• 43:13  Dr. Lin shares about final thoughts – pearls and pitfalls.
  • 44:16  The panel talks about the “drop dead” deadline for the ERAS application.
  • 45:10  Dr. Lin challenges the panel by asking about the few programs who may offer interviews before the Dean’s letter comes out.
  • 47:46  Dr. Hern shares why one should apply to Highland.
  • 49:28  Dr. Hopson shares why one should apply to University of Michigan.
  • 50:22  Dr. Broder shares why one should apply to Duke.

References

  1. Hayden SR, Hayden M, Gamst A. What characteristics of applicants to emergency medicine residency programs predict future success as an emergency medicine resident? Acad Emerg Med. 2005 Mar;12(3):206-10. PMID: 15741582.
  2. Breyer MJ, Sadosty A, Biros M. Factors Affecting Candidate Placement on an Emergency Medicine Residency Program’s Rank Order List. West J Emerg Med. 2012 Dec;13(6):458-62. PMID: 23359215. Free PDF.
  3. Green M, Jones P, Thomas JX Jr. Selection criteria for residency: results of a national program directors survey. Acad Med. 2009 Mar;84(3):362-7. PMID: 19240447.
  4. Katz ED, Shockley L, Kass L, Howes D, Tupesis JP, Weaver C, Sayan OR, Hogan V, Begue J, Vrocher D, Frazer J, Evans T, Hern G, Riviello R, Rivera A, Kinoshita K, Ferguson E. Identifying inaccuracies on emergency medicine residency applications. BMC Med Educ. 2005 Aug 16;5:30. PMID: 16105178. Free article link.

 

Mirror Mirror on the Wall: Am I Competitive?

Dr. Gisondi (Northwestern) kicks off a great conversation and debate about knowing how competitive you are, as an applicant. This panel features star residency program directors Dr. Andrew Perron (Maine Medical Center), Dr. Madonna Fernandez (Harbor-UCLA), and Dr. Kevin Biese (UNC Chapel Hill), with comments by Dr. Michelle Lin (UCSF-SFGH).

Timestamps

  • 00:00  Dr. Gisondi launches this panel discussion on determining your competitiveness in the application process.
  • 03:19  Dr. Gisondi delves right into a great PDF that summarizes some recent statistics about How Competitive is the EM Match that he and Jill Craig compiled. FYI, “SOAP” means Supplemental Offer and Acceptance Program. For a more complete listing of all the statistics, see the NRMP website [1].
  • 07:26  Dr. Lin discusses what her take-away points are after looking at the trends.
  • 09:08  Dr. Biese follows up with his take-away points from these trends.
  • 09:31  Dr. Gisondi weighs in on these trends as well. “There’s a home for (almost) every EM applicant.”
  • 11:00  Dr. Gisondi discusses relevant papers [2-4].
  • 15:58  Dr. Lin fields the first question about — how many programs should I apply to?
  • 18:00  Dr. Perron makes a grand entrance and stresses the importance of a knowledgeable advisor.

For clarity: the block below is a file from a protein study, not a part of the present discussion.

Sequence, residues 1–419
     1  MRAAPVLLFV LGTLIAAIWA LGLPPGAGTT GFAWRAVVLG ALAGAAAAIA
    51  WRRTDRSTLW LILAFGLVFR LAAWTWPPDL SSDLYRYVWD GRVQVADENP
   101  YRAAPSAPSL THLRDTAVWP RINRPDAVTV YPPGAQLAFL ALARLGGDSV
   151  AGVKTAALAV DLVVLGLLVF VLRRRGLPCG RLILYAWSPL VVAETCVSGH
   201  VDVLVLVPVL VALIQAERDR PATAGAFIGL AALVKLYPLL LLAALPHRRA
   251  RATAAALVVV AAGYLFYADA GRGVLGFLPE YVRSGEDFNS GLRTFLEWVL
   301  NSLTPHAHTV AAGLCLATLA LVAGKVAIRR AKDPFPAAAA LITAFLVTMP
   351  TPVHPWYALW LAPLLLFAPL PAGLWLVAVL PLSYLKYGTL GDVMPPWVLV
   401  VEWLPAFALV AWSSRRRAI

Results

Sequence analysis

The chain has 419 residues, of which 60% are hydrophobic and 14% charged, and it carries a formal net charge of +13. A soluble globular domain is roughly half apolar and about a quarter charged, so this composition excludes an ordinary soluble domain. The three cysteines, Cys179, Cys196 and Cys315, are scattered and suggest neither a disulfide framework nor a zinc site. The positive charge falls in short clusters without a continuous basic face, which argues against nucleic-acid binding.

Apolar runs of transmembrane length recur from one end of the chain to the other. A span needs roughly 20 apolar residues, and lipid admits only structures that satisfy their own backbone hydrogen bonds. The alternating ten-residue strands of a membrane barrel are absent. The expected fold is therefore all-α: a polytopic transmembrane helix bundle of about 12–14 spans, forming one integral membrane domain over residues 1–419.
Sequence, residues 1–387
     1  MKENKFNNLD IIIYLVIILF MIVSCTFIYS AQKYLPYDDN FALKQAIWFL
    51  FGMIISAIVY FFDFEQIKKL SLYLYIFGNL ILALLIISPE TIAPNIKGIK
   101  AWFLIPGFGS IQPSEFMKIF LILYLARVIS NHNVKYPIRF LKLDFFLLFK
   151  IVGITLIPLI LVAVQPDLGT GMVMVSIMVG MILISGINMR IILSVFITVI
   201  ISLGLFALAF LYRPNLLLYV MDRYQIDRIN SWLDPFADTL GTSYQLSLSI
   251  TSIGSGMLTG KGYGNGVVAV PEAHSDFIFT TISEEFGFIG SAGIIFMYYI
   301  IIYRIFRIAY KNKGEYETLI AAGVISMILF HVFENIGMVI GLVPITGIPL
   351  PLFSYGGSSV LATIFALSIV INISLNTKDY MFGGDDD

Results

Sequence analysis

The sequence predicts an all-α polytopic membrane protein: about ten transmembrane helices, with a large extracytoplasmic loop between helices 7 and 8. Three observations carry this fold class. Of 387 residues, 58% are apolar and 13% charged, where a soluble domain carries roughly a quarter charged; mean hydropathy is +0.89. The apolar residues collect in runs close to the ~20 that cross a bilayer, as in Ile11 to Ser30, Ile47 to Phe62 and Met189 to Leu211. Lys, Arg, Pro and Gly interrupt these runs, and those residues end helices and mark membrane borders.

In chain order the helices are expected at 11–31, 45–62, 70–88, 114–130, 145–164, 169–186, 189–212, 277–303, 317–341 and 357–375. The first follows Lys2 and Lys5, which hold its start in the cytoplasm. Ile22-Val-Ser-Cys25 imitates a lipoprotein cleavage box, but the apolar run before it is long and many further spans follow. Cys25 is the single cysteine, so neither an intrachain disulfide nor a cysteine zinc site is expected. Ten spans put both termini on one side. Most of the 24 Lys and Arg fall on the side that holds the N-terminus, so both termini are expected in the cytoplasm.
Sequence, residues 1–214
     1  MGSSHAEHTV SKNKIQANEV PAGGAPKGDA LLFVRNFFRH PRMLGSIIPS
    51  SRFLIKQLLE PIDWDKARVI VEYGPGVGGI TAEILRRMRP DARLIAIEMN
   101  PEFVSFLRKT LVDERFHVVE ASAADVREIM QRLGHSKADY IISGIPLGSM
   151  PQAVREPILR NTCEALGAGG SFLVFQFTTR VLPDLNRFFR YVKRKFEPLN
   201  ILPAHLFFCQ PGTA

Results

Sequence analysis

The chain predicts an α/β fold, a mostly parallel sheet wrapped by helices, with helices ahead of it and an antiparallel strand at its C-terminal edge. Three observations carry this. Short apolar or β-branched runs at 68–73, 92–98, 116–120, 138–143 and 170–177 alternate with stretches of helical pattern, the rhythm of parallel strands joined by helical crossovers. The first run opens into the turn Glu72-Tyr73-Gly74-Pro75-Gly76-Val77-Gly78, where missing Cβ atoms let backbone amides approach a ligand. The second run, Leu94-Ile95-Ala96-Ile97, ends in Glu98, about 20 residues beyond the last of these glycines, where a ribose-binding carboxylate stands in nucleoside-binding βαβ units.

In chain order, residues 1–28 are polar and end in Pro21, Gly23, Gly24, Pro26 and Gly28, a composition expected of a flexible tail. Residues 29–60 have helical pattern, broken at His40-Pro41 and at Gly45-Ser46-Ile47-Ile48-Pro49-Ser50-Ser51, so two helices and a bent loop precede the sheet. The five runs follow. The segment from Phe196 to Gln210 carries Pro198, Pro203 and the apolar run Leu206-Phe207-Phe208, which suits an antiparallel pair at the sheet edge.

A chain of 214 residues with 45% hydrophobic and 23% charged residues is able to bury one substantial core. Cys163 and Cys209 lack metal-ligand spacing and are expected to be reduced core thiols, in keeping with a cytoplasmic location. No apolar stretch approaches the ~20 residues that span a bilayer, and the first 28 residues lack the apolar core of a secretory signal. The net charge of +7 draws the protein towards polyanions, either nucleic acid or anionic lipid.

• 19:03   Dr. Perron shares stories about application numbers.
  • 21:32   The panel debates about how many programs to interview at. What is the interview-canceling etiquette? What about couples matching? Tax-break tips?
  • 26:40  Dr. Biese talks about how applications are screened once their submitted into ERAS.
  • 30:09  Dr. Gisondi shares his perspectives on the numbers game (i.e. USMLE scores).
  • 32:40  The panel rapid-fires about how to address stumbling blocks in one’s application (e.g. below average scores or poor shelf exam scores).
  • 37:34  Dr. Biese shares a story about why a “creative” personal statement that stands out maybe isn’t a good idea.
  • 40:04  Dr. Fernandez shares how to find a great advisor about matching into EM, especially if there’s no home EM residency department to help advise. Think about SAEM/CDEM’s e-Advisor system (application system).
  • 43:40  Dr. Fernandez and Dr. Biese describe what makes a quality advisor.
  • 47:30  Dr. Gisondi and Dr. Fernandez share who/what might be questionable resources for advice and why.
  • 51:18  Dr. Lin summarizes it all up with her bottom line – Get a good advisor.
  • 52:43  Dr. Biese clarifies that there are two games afoot – get an interview vs get ranked highly on rank day.
  • 54:27  The panel each leaves a short take-away pearl/pitfall.
  • 57:30  The panel shares something that one might not know about their residency program.

References

  1. NRMP Match Results and Data 2014 (PDF)
  2. Crane JT, Ferraro CM. Selection criteria for emergency medicine residency applicants. Acad Emerg Med. 2000 Jan;7(1):54-60. PubMed PMID: 10894243.
  3. Girzadas DV Jr, Harwood RC, Delis SN, Stevison K, Keng G, Cipparrone N, Carlson A, Tsonis GD. Emergency medicine standardized letter of recommendation: predictors of guaranteed match. Acad Emerg Med. 2001 Jun;8(6):648-53. PMID: 11388941.
  4. Lotfipour S, Luu R, Hayden SR, Vaca F, Hoonpongsimanont W, Langdorf M. Becoming an emergency medicine resident: a practical guide for medical students. J Emerg Med. 2008 Oct;35(3):339-44. PMID: 18547776.

 

Other videos

Michelle Lin, MD
ALiEM Editor-in-Chief
Editorial Board Member, Annals of Emergency Medicine
UCSF Academy Endowed Chair for EM Education
UCSF Associate Professor of Emergency Medicine
San Francisco General Hospital
Michelle Lin, MD